Last January I spent a long Saturday at Chicago's Gene Siskel Film Center, where the newly rereleased Holocaust documentary Shoah was playing. Claude Lanzmann's landmark 1985 film is 10 hours long, and when it was over, I was exhausted. That was presumably true of the 20 or so strangers who had watched the whole thing with me, down from about 200 at the beginning. At least I look to fatigue as one explanation for what happened when the lights came up: People got angry. A shouting match broke out behind me. A young woman next to me screamed, "What the fuck?!?!" and she asked me to explain the film. I'm still processing, I said.
Months later I'm still still processing, both the film and the audience's surprising reaction. Part of the latter owes, surely, to Shoah's sheer length. Maybe those people thought the film didn't deliver, at least not in proportion to the amount of time and sheer concentration it demands.
It's true that as Holocaust documentaries go, Shoah is perplexingly low-key. Unlike other such documentaries, good and bad, Shoah doesn't focus on grainy black and white footage of Hitler raving, soldiers marching, corpses piling up. Lanzmann's subject is atrocities perpetrated at sites in Poland, including the Treblinka extermination camp and the Warsaw ghetto, and he examines these events in long, wide-ranging interviews -- with Jews who survived, with Poles, Germans, academics.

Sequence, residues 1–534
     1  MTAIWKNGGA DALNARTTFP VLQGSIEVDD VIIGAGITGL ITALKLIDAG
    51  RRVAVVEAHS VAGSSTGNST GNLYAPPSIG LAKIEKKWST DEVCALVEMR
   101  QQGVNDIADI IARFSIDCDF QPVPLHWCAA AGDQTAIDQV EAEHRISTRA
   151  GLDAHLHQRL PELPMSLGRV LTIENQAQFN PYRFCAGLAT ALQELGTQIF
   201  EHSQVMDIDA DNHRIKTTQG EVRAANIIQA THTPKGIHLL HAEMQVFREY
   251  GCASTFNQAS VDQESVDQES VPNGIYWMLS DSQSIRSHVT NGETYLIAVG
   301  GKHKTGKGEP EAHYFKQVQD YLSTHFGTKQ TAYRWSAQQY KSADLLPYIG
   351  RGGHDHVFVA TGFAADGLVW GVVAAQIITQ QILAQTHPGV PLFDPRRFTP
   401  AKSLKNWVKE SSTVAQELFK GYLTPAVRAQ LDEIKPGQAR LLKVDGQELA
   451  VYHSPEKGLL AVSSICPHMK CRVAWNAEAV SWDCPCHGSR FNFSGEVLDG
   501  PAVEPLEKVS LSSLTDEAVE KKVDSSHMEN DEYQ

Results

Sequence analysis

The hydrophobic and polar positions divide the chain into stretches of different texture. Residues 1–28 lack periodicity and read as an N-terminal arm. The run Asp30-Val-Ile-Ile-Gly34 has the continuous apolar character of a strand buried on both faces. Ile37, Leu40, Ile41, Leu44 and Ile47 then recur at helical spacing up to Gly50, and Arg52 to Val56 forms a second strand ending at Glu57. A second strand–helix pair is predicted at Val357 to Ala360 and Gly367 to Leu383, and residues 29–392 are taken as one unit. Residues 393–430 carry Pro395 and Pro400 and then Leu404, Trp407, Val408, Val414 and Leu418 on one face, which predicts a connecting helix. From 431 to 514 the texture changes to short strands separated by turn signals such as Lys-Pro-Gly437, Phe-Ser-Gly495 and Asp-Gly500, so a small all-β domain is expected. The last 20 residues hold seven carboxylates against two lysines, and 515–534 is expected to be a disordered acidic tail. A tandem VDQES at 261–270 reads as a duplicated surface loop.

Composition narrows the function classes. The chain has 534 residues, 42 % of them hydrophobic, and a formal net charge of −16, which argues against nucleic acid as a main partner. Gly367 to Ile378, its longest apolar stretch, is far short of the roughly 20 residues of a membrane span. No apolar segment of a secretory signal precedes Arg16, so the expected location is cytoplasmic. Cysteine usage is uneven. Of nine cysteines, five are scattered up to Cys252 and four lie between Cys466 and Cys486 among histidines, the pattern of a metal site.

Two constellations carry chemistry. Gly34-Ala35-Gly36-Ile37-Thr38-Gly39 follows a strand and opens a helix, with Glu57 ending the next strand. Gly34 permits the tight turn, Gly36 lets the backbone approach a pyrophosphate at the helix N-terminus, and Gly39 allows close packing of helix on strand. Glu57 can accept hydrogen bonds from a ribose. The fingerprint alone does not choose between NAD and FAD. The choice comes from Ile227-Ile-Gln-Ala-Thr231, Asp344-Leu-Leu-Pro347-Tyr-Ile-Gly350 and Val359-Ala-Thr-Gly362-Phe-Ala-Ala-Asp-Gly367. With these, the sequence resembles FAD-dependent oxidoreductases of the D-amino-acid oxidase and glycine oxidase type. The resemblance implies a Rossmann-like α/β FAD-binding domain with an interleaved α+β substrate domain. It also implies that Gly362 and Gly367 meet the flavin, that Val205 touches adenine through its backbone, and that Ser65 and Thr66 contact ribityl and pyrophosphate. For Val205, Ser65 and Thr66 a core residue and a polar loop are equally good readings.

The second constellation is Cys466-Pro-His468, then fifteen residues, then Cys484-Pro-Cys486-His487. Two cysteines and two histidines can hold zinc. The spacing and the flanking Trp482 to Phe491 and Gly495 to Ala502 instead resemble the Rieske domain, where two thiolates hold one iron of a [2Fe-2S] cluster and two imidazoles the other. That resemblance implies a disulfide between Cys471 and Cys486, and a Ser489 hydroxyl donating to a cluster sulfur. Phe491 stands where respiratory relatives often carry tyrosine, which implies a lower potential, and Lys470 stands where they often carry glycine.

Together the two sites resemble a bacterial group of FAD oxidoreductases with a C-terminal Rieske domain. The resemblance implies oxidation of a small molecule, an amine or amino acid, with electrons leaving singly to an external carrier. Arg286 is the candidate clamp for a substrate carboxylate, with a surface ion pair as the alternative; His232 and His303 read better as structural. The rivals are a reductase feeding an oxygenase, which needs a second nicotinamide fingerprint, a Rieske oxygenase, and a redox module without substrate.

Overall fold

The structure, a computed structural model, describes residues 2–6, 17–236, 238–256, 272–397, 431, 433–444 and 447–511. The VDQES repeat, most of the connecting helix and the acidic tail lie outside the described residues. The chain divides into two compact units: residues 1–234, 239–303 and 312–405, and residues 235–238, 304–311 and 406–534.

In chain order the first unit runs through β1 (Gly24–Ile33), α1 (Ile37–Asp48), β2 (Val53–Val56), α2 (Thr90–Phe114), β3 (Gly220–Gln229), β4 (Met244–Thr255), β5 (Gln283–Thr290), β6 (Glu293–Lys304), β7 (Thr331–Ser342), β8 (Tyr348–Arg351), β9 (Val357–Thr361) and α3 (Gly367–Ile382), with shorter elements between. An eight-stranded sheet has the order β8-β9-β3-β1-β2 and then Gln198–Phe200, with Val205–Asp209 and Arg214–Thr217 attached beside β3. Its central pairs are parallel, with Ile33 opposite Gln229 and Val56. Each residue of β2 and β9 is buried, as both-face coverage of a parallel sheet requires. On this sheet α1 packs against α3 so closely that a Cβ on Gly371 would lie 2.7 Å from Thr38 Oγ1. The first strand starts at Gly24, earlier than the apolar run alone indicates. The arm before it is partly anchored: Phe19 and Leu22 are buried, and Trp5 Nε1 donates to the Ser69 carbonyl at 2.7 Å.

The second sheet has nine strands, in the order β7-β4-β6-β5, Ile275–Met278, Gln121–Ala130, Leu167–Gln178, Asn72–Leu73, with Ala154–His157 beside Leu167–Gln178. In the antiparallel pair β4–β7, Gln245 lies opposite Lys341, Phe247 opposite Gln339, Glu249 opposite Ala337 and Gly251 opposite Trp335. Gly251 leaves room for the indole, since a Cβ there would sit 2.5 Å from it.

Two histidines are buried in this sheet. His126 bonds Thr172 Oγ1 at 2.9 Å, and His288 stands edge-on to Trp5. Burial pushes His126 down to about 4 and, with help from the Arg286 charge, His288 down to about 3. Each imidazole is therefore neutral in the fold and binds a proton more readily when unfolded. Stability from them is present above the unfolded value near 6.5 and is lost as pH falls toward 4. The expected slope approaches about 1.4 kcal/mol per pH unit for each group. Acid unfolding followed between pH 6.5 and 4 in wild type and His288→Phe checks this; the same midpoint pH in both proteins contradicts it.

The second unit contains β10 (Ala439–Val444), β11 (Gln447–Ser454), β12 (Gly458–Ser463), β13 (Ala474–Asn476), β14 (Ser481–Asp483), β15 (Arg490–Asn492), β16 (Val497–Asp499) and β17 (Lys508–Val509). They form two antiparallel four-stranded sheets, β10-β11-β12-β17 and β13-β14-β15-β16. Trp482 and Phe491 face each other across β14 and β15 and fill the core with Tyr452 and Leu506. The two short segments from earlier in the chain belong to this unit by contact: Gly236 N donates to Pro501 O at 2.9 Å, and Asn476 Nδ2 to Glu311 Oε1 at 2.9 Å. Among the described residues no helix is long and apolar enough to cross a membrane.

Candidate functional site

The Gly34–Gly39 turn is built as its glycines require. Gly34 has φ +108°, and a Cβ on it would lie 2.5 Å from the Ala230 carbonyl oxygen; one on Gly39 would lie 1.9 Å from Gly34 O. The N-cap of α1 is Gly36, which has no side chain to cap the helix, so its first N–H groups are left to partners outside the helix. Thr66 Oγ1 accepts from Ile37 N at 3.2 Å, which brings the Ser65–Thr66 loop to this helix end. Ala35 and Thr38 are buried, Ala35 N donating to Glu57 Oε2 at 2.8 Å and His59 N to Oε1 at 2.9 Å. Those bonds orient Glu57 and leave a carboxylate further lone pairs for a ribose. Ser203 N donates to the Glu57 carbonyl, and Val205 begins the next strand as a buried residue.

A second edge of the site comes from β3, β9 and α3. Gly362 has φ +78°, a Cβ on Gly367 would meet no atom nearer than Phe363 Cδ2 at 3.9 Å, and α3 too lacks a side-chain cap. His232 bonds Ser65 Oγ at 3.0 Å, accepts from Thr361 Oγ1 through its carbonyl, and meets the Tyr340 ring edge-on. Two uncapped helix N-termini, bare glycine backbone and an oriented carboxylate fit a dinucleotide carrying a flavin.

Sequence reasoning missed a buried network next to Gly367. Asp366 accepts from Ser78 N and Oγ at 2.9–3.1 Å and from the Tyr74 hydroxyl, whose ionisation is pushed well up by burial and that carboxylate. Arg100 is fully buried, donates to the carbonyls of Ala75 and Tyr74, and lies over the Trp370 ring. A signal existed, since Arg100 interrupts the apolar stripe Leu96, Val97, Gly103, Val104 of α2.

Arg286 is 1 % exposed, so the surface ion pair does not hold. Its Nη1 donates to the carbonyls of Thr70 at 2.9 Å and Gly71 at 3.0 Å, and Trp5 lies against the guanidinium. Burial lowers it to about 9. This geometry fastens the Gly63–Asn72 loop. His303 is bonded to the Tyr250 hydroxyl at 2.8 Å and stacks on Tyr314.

Sometimes we watch the interview subjects, and sometimes they speak in voiceovers as Lanzmann's camera slowly pans over the places where the crimes took place. Now they are pretty, grassy fields. As an interviewer, Lanzmann is interested in the minutest details of the events. Who constructed the gas chambers? Jews did, an interview subject says, but Ukrainians made the doors.
After 10 hours of these detailed accounts, my mind had shut down. There was no way I could retain all this information, and I don't think that's really the point. Certainly the film has much value as an archive, and there is a lot for historians to ponder, but the effect of watching it in one day is not so much intellectual as it is emotional, even physical. I understand Shoah to be as much a fine art experience as it is a mere moviegoing one, by which I do not mean to slight mere moviegoing.
What's the message of Shoah? As with any memorable artwork, there's no easy summing up. The Holocaust is a great horror and a great mystery, and people have devised various ways of trying to capture its essence. History writing is one. Memoir is another, and so is fiction. What Lanzmann is doing is inviting filmgoers to sit, as a group, with the fact of the Holocaust, for 10 uncomfortable hours. It is a bold artistic gesture, and its effects are complex.
Those effects wouldn't be the same if you watched Shoah over several nights on video. I can't say what watching the film in two parts over the course of a week is like. That is how UW Cinematheque is presenting it. The experience is bound to be extraordinary.